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Subject: PS) Put down ol Russ who 'went out' sipping his Whiskey and watching the Oscars! ...

Died in middle of comment on ugly Oscar dress!
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Date Posted: Monday, March 05, 02:37:04pm
In reply to: By doc's end, it showed what a God he still was, with many stores active in Japan! -RIP 's message, "As a local So.Cali person who grew up on TOWER RECORDS, I saw the documentary and made me depressed reliving the store chain's death with birth of digital age. Russ was a hoot, though." on Monday, March 05, 02:18:56pm

PHOTO of Solomon ...

Founder of Tower Records dies at 92 while
drinking whiskey and watching the Oscars. ...

March 5, 2018

Russ Solomon, the music-loving visionary who built a global retailing empire and the most famous company in Sacramento history, died Sunday night. He was 92.

Solomon was watching the Academy Awards ceremony Sunday night when he apparently had a heart attack, said his son, Michael Solomon.

"Ironically, he was giving his opinion of what someone was wearing that he thought was ugly, then asked (his wife) Patti to to refill his whisky," Solomon said. When she returned, he had died.

Russ Solomon was the founder and guiding force behind Tower Records, the chain that revolutionized music retailing until it was swamped by iPods, big-box stores and other dramatic changes in the industry. Tower went out of business in December 2006 after a second stint in bankruptcy.

As if to defy the digital forces that reshaped the music business, Solomon opened another music store just a few months later, on the very site of one of Tower’s flagship stores in Sacramento. But the encore fell flat, and he gave up after three years. Nonetheless, Solomon enjoyed a redemption of sorts as the star of “All Things Must Pass,” a poignant documentary on Tower’s history produced by actor and former Sacramentan Colin Hanks. The movie debuted in March 2015.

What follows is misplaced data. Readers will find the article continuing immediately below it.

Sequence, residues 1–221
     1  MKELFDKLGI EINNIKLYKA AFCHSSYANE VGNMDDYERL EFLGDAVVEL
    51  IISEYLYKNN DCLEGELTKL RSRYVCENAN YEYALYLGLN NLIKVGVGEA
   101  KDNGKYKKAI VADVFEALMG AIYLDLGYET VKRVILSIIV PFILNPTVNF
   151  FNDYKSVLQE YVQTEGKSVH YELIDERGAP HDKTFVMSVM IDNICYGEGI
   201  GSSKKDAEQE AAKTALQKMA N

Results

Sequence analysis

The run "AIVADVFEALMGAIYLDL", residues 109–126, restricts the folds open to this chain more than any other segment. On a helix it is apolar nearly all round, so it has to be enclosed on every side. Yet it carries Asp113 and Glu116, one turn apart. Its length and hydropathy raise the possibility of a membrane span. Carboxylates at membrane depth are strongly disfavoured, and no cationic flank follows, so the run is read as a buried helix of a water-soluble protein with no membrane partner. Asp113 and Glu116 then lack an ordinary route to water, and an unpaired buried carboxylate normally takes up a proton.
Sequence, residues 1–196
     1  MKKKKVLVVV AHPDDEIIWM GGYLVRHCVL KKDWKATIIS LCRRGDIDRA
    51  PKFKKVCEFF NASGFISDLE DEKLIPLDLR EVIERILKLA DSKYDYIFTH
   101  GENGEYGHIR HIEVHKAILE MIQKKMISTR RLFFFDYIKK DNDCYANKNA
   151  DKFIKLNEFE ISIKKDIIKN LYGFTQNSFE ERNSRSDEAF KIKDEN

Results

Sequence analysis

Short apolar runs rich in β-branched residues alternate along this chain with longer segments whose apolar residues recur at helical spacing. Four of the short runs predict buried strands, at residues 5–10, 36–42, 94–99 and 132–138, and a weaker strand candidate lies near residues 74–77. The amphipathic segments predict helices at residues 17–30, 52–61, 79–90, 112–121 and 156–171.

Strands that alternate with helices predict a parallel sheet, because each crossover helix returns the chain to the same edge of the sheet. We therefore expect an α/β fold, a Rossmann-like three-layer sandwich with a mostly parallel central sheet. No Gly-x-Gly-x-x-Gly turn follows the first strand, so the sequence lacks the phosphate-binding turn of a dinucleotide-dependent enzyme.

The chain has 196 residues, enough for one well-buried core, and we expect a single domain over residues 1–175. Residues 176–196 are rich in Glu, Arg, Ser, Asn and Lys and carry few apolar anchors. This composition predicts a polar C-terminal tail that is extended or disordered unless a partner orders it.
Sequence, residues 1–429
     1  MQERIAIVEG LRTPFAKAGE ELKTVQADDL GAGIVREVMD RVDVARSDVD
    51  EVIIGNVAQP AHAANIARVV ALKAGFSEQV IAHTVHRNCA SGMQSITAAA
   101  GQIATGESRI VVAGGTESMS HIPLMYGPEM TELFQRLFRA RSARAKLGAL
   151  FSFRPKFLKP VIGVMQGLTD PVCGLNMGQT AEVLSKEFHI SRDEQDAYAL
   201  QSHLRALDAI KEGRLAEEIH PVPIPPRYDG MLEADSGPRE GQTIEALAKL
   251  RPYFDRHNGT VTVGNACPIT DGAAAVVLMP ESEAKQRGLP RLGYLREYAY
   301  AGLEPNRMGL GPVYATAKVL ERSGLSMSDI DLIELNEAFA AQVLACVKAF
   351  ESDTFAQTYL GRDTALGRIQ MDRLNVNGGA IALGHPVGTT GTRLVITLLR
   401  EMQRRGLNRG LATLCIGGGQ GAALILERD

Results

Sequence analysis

A pioneer who was admired by employees and competitors alike, Solomon made Tower a $1 billion-a-year business stretching from Boston to Bogota. He operated on a philosophy that was obvious to him but extraordinary for its day: Build big stores and pack them with as much music as possible.

Rival chains sprung up, borrowing heavily from Solomon’s notion that “big was beautiful,” said Glen Ward, former head of the Virgin record stores in North America. “He was probably the inventor of the mega-store.”

But in the late 1990s and early 2000s, Tower was overwhelmed by big-box discounters, Amazon.com and digital downloading. The company also over-expanded and was partly to blame for its downfall.

“We borrowed too much money,” Solomon said years later. “It was unsustainable.”

Russell M. Solomon’s story was a Sacramento legend: In 1941, the 16-year-old began selling used jukebox records at his father Clayton Solomon’s drug store in the Tower Theater building at the corner of Broadway and Land Park Drive. He called the business Tower Record Mart.

Tower soon had its own street entrance. Later came listening booths for previewing new records. Solomon opened a wholesale business, too.

Nothing stopped him - not a two-year Army hitch during World War II, or the failure of the company in October 1960. He quickly borrowed $5,000 and persuaded creditors to supply him with new inventory.